Whenever I see a truck hauling automobiles, I invariably have two thoughts: one, what kinds of vehicles is the transporter carrying, and two, does the motor carrier know how risky the auto hauling business can be?
I come by this reaction honestly. My uncle was an auto hauler who transported all brands, though he personally was fondest of Chevrolets and Toyotas. I’ve always been interested in cars, and I’ve worked in transportation insurance a long time, as the manager of a regional transportation and construction specialty broker and as an underwriter. I’ve seen a lot of ways things can go wrong —and the impact those have on a motor carrier’s business.
Some of the most severe types of cargo claims, from a dollar perspective, that I see in auto transporting are:
Fires. A big rig generates a lot of heat when braking, and brake dust can catch fire. Running on a flat tire also can cause enough friction to ignite the rubber. Either way, the result can be damage not only to the tractor but the entire cargo, in or on the trailer. This is a problem for open transporters as well as enclosed trailers. For that reason, some motor carriers outfit their trailers with high-end fire suppression systems.
Rollovers. Gravity is a powerful thing, and a semi doesn’t need to be moving very fast to reach a tipping point — whether going around a bend or just slightly off a paved surface. Best-case scenario for cargo in a rollover is partial damage, but that can mean big trouble if the manufacturer declares a constructive total loss. This fact might surprise you, but very few cargo policies cover constructive total loss, and motor carriers may have to pay the difference out of their own pocket.
Accidents involving other vehicles. With so much traffic on the road, it’s only a matter of time before an auto hauler has a close encounter. In 2016, auto transporters were involved in tow-away crashes at the rate of almost four a day. Not every crash requires a tow, of course, so the accident rate is actually higher. Would you believe that a fairly common claim is damage to the vehicle at the back of the transporter, closest to the road? These tend to hang off a little, and I’ve seen a number of claims where the rear end was damaged by another vehicle, and the transporter’s driver didn’t even know it.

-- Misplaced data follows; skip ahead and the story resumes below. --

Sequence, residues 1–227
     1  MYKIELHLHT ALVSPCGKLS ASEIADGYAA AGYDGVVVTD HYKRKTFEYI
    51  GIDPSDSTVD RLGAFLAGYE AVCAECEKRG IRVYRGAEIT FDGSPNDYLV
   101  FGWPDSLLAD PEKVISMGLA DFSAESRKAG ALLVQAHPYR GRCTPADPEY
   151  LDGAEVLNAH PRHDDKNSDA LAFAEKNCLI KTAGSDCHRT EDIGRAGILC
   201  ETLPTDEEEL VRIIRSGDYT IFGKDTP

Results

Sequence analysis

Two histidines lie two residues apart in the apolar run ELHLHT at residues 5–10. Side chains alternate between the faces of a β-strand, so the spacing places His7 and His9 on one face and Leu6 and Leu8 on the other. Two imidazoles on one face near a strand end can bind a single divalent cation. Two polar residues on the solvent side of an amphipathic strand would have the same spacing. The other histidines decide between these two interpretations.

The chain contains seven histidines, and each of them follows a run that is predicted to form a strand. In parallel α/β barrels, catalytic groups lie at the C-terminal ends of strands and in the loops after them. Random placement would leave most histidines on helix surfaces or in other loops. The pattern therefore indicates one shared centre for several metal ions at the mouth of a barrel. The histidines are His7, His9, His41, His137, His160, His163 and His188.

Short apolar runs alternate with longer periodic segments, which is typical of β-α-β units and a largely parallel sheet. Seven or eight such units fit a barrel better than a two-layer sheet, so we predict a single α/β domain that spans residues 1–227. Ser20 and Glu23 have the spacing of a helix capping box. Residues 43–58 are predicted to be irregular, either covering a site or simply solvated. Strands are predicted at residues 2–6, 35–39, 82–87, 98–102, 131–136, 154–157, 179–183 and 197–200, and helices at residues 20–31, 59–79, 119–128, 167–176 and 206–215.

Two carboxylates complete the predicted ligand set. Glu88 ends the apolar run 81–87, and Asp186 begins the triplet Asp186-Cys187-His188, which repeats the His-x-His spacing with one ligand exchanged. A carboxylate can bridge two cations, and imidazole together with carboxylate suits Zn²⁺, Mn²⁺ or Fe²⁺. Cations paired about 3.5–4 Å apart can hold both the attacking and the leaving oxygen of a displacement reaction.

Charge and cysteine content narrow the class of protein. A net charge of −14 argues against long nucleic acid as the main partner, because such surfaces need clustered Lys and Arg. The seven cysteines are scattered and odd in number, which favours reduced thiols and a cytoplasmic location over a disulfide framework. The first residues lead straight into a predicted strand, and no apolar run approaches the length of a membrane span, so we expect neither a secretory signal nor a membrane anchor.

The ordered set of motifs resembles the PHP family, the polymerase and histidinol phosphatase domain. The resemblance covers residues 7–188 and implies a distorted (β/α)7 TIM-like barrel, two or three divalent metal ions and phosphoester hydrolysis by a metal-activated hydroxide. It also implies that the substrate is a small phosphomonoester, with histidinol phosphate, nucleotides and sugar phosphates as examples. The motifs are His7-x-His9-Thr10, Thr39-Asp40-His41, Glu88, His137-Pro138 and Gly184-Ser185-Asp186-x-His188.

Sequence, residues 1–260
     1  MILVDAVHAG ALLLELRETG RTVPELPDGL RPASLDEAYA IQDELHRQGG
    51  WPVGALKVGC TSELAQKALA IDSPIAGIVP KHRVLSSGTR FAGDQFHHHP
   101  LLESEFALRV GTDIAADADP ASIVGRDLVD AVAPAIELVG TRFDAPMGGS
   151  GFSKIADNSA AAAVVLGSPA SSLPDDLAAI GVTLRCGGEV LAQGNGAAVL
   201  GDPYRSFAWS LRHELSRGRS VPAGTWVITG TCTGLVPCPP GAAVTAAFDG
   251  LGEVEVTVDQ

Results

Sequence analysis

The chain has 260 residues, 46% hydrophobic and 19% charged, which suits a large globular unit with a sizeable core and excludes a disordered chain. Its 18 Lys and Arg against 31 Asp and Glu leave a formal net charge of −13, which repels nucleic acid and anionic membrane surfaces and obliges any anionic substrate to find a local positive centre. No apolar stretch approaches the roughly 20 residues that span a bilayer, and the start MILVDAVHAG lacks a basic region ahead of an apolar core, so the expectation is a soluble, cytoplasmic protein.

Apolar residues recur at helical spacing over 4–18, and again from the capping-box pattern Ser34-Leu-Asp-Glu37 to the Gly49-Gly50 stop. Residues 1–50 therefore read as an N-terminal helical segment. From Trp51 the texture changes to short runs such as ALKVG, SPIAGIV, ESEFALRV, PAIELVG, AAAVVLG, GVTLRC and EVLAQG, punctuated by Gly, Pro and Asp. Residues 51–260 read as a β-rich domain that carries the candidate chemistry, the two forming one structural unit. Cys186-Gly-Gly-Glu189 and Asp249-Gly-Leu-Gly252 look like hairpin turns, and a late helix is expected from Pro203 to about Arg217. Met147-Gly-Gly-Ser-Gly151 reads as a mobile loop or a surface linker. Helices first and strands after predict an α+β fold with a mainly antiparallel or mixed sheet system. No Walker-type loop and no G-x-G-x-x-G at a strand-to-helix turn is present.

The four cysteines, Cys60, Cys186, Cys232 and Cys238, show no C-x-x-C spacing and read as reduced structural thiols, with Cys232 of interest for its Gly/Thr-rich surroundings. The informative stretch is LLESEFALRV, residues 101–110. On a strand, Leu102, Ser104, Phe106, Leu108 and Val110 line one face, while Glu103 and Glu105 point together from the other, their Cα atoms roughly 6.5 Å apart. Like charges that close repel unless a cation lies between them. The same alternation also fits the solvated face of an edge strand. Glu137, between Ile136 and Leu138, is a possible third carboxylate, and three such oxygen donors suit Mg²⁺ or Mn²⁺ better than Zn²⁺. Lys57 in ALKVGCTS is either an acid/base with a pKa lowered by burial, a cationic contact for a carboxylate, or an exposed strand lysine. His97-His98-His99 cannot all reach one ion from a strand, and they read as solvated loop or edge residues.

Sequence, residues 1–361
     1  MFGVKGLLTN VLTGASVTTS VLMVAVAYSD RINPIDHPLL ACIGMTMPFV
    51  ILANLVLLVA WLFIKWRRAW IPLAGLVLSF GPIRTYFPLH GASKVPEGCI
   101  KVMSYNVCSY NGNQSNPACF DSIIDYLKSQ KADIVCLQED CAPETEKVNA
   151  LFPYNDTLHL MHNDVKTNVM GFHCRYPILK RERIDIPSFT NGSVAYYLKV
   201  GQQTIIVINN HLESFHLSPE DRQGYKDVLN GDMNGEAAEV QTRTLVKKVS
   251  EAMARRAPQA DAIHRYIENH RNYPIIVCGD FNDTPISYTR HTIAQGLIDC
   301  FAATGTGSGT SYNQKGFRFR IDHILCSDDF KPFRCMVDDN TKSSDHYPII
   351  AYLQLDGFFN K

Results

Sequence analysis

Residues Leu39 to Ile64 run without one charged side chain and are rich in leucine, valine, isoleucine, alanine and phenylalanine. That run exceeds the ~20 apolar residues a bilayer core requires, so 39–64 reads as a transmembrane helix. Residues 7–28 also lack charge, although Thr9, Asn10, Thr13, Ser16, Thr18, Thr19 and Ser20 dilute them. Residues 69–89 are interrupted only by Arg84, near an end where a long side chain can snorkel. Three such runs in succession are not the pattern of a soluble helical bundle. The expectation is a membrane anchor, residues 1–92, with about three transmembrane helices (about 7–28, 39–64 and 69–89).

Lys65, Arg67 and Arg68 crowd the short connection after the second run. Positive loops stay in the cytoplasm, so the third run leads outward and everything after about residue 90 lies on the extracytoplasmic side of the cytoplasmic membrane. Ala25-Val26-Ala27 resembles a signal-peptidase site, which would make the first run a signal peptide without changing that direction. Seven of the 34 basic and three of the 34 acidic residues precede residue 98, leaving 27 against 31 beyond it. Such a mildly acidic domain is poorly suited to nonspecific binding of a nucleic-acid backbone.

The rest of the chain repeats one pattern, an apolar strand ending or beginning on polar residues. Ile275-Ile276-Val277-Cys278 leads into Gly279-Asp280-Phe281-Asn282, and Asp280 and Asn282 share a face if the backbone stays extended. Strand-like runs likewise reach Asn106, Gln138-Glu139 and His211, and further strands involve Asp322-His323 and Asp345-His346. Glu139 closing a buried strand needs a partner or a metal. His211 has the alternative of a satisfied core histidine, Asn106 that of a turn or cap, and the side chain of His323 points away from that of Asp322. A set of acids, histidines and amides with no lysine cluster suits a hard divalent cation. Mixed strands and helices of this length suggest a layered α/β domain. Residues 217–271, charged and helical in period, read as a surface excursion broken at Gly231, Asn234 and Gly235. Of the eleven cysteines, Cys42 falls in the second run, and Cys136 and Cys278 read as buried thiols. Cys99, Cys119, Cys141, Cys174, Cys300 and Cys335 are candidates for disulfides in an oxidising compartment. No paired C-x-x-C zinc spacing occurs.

Damage loading or unloading. How often have you seen an auto transporter parked in the center lane of a busy road as it loads or unloads vehicles? Happens all the time when the delivery destination is a dealership, and some of the time, the cargo gets damaged.
It’s easy to forget that these risks mainly involve cargo, which standard auto physical damage or auto liability policies do not cover. Not all cargo insurance is the same. Motor carriers should look carefully at their risks and make sure their coverage is appropriate. The worst time to find out there’s a coverage gap is when a cargo loss happens.
Auto transporting is an interesting business run by good, hard-working folks. The risks and exposures they face make it harder to grow and sustain their businesses. Having the right knowledge and protection to manage those risks makes their journey a whole lot smoother.
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